“There’s no alternative?” Apparently not. I don’t know if that’s true but I’ll be asking around. If it is right, we will be mining this high quality (read metallurgical) coal for a long time. If we succeed in stopping thermal coal mining there is still a great environmental benefit. However, these towns though will still really suffer. Some small businesses are making a fortune from the mines and miners. The motel we are staying in (just a motel, nothing fancy) turned over $250,000 last month. They are looking to sell if you are looking for a business in beautiful Blackwater. And if there are jobs for the miners to go to, I can’t see how they can replace their enormous salaries.

Another scary thing is that when they remediate the land where the mine has been, they put back the topsoil and reseed it. And then they graze cattle on it…….if you eat beef, I suggest you rethink this decision.

65. Being a vegetarian…oh alright pescatarian

66. Friends who lend you books. Thanks Charles for Warlight

We spent the following day at the Blackdown Tableland National Park just outside of Blackwater. Another great National Park no-one has ever heard of. Some lovely walks capped off by a beautiful waterfall and very cold swimming hole. The autumn flowers were lovely and the kookaburras very tame.

Sandstone cliffs

We then drove to Rubyvale, the gem country. Tyres all good.


We arrived just in time for dinner at the pub. I like pubs but I’ve had enough of dinner there. Maybe Justin Hemmes could buy a few……

It was blingo night. Blingo? It was run by Willow, a self described “only gay in the village”. 5 years ago Willow came home to look after his sick and aging parents and was the only gay in the village. Now there are 5 and last year they hosted the inaugural Rubyvale Mardi Gras where 80 people put on a parade like they had never seen before. This year, they have already sold 250 tickets for the Mardi Gras in September. I reckon we should all go along. What a great sense of community and inclusion. We sat with a couple from Blackwater, both miners (she retired from dump truck driving). We had a great night with them. They were union people, voted Labor and loved living in Blackwater. We have met some great people along the way.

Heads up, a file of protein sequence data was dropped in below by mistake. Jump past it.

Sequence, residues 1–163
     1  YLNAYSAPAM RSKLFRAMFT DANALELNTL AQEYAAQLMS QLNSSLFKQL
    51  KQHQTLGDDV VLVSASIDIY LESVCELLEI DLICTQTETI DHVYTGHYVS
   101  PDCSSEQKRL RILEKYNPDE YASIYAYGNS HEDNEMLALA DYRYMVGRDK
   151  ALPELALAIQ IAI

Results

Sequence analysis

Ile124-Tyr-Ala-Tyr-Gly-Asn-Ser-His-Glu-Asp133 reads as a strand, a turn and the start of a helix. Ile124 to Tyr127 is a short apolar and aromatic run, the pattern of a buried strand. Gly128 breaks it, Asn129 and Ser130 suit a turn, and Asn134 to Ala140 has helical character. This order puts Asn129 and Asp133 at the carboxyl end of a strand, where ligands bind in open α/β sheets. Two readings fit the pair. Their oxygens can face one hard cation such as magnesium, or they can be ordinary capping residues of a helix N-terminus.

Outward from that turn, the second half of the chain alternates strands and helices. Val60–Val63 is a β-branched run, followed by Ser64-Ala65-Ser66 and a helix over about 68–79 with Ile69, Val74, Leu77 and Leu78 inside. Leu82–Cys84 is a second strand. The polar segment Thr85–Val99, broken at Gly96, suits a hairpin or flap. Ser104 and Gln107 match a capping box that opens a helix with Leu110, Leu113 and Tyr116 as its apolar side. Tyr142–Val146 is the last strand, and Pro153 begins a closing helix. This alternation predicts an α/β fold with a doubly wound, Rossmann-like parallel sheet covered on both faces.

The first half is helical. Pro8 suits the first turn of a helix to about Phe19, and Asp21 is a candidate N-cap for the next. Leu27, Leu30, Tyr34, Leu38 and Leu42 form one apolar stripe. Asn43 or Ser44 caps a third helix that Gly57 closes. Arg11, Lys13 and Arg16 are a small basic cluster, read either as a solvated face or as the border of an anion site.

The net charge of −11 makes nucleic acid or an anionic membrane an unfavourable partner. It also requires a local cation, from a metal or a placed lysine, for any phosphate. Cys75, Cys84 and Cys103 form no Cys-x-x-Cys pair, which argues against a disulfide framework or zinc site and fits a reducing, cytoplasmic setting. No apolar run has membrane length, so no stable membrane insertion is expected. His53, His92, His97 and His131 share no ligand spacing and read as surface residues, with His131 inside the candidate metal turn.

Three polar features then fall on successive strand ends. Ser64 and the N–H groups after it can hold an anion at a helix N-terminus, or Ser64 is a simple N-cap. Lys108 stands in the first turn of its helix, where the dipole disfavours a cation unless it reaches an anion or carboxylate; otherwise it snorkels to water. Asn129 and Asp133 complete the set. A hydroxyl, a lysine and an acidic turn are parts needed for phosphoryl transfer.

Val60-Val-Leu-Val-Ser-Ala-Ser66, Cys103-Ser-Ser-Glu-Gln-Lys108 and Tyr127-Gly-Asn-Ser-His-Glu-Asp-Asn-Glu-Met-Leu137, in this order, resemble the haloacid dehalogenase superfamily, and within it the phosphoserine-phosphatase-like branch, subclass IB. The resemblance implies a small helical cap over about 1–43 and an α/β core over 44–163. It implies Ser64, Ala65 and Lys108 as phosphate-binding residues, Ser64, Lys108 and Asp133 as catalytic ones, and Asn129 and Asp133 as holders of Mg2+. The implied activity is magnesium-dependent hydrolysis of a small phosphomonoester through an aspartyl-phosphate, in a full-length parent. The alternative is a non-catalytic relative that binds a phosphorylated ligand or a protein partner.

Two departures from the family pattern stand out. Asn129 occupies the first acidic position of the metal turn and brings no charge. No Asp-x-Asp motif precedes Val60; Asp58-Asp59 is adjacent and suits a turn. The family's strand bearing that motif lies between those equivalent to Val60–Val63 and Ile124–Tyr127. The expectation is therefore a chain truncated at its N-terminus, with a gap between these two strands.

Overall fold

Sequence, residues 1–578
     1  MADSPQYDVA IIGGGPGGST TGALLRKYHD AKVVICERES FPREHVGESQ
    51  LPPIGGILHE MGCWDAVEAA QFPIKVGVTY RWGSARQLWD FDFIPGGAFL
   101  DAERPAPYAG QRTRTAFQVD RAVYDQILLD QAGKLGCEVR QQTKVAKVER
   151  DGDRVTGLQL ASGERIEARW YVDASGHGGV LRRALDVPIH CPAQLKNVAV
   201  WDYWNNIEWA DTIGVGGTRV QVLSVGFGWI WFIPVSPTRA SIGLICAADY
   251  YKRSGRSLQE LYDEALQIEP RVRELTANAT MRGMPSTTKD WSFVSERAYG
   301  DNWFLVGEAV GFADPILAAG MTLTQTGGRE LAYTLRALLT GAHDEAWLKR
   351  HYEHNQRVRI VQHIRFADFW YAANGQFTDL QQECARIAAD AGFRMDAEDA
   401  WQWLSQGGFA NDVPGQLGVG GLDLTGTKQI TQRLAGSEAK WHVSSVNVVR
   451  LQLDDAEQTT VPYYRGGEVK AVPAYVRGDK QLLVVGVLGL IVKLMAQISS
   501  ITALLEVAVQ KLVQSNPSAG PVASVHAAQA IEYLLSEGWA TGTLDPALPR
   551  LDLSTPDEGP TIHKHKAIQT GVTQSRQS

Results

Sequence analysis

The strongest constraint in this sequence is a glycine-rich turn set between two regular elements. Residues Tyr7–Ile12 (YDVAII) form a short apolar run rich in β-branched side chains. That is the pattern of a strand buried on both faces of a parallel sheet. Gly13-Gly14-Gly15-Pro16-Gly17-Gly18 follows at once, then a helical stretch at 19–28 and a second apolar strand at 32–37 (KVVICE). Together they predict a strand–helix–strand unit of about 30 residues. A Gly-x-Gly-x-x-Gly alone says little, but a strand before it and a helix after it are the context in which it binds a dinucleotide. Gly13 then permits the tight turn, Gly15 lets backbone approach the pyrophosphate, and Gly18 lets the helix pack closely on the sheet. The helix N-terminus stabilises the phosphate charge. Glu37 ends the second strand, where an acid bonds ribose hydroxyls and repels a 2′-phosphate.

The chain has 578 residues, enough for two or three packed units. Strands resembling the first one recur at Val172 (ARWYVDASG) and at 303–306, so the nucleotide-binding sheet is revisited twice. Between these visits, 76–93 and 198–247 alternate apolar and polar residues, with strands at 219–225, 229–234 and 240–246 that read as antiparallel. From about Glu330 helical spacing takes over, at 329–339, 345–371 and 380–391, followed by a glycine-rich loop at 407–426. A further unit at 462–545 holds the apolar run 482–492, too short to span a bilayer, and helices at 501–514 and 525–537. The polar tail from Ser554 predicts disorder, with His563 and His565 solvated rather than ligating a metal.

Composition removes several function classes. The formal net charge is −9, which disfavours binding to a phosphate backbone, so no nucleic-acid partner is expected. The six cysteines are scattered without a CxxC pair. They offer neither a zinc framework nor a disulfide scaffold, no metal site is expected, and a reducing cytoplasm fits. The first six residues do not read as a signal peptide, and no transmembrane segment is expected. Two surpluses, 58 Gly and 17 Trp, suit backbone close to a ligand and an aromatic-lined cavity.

As Rubyvale is the centre of the gem fields, we had to go fossicking. Emerald is just down the road so guess what the gemstones are. Yes, sapphires. It’s all geared for tourists. You arrive at the mine and you purchase a bucket of dirt and rocks for $20. Yes we paid $20 for a bucket of dirt. The bucket of dirt supposedly has been brought up from the mine (now only used for tourist purposes) and we get to sift, wash and sort it. And keep what we find of course. We can’t help thinking they just recycle the same buckets of dirt to the new day’s tourists….

We learnt a lot about sapphires. Common ones are blue and rare ones are yellow and pink. There are green ones, red ones and purple ones. Who knew? Rubies are just red sapphires! And we even found some. And we found a zircon big enough to cut and polish. I might just do that. We bumped into our mining pub friends from the night before and spent a thoroughly entertaining morning with them. We had a coffee at 11 and they had a beer.

67. Meeting people who you rarely have an opportunity to meet

68. Still learning stuff

69. Laughing

70. Finding sapphires

Underneath is an underground sapphire mine

Then back on the road heading for Barcaldine.